Since 1950 China has provided nine-year compulsory education for a fifth of the world's population with only two percent of the world's total education spend. Nine-year compulsory education operates in 90 percent of China's populated areas, and illiteracy in the young and mid-aged population has fallen from over 80 percent down to five percent. The system trained some 60 million mid- or high-level professionals and near 400 million laborers to junior or senior high school level. Today, 250 million Chinese get three levels of school education, (elementary, junior and senior high school) doubling the rate of increase in the rest of the world during the same period. Net elementary school enrolment has reached 98.9 percent, and the gross enrollment rate in junior high schools 94.1 percent.
China's educational horizons are expanding. Ten years ago the MBA was virtually unknown but by 2004 there were 47,000 MBAs, trained at 62 MBA schools. Many people also apply for international professional qualifications, such as EMBA and MPA; close to 10,000 MPA students are enrolled in 47 schools of higher learning, including Peking University and Tsinghua University. The education market has rocketed, with training and testing for professional qualifications, such as computer and foreign languages, thriving. Continuing education is the trend; once in one's life schooling has become lifelong learning.
International cooperation and education exchanges increase every year. China has more students studying abroad than any other country; since 1979, there have been 697,000 Chinese students studying in 103 countries and regions, of whom 185,000 have returned after finishing their studies. The number of foreign students studying in China has also increased rapidly; in 2004, over 110,000 students from 178 countries were studying at China's universities.
Investment in education has increased in recent years; the proportion of the overall budget allocated to education has been increased by one percentage point every year since 1998. According to a Ministry of Education program, the government will set up an educational finance system in line with the public finance system, strengthen the responsibility of governments at all levels in educational investment, and ensure that their financial allocation for educational expenditure grows faster than their regular revenue. The program also set out the government's aim that educational investment should account for four percent of GDP in a relatively short period of time.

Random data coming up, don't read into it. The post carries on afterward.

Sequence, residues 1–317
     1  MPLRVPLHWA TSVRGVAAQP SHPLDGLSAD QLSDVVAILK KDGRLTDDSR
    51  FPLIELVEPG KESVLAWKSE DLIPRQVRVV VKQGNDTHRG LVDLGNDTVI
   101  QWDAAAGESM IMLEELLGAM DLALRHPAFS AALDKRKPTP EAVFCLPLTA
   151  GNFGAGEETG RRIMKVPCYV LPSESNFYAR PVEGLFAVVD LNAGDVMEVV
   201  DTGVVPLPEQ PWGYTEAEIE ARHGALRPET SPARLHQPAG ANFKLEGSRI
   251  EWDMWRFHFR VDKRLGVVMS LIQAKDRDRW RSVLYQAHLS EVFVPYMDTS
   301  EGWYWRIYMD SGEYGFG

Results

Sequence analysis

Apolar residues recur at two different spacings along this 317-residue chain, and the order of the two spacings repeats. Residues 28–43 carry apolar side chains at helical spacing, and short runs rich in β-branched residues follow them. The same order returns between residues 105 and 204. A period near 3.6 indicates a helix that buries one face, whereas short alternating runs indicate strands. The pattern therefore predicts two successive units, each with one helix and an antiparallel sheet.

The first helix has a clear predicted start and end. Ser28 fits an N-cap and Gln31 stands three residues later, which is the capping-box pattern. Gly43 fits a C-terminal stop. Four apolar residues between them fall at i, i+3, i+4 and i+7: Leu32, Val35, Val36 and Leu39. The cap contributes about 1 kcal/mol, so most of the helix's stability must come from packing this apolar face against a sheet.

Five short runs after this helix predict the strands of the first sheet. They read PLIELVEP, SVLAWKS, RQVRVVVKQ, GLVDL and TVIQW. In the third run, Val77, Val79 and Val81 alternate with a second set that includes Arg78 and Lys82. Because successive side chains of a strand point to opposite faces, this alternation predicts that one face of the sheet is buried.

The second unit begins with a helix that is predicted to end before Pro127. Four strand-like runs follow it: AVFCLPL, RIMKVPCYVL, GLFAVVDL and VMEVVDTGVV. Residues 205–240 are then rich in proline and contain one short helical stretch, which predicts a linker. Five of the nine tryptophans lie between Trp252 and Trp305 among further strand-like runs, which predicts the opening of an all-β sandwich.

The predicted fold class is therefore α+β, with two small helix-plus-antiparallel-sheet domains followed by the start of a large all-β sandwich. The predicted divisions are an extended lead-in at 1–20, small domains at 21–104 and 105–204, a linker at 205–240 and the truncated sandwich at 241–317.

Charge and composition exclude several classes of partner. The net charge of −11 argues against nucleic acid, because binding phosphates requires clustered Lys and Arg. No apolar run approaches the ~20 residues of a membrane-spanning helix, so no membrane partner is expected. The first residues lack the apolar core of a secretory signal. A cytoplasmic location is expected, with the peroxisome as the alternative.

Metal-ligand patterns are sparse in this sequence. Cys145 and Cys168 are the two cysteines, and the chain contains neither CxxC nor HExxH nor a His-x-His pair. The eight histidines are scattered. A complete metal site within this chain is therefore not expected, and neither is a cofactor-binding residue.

For non-compulsory education, China adopts a shared-cost mechanism, charging tuition at a certain percentage of the cost. Meanwhile, to ensure that students from low-income families have access to higher education, the government has initiated effective ways of assistance, with policies and measures as scholarships, work-study programs, subsidies for students with special economic difficulties, tuition reduction or exemption and state stipends.
The government is committed to markedly raising educational levels generally, as evidenced in a Ministry of Education program; by 2020, of every 100,000 people, 13,500 will have had junior college education or above and some 31,000 will have had senior high school schooling; rates for illiteracy and semi-literacy rate will fall below three percent; and average schooling duration across the population will increase from today's eight years to nearly 11.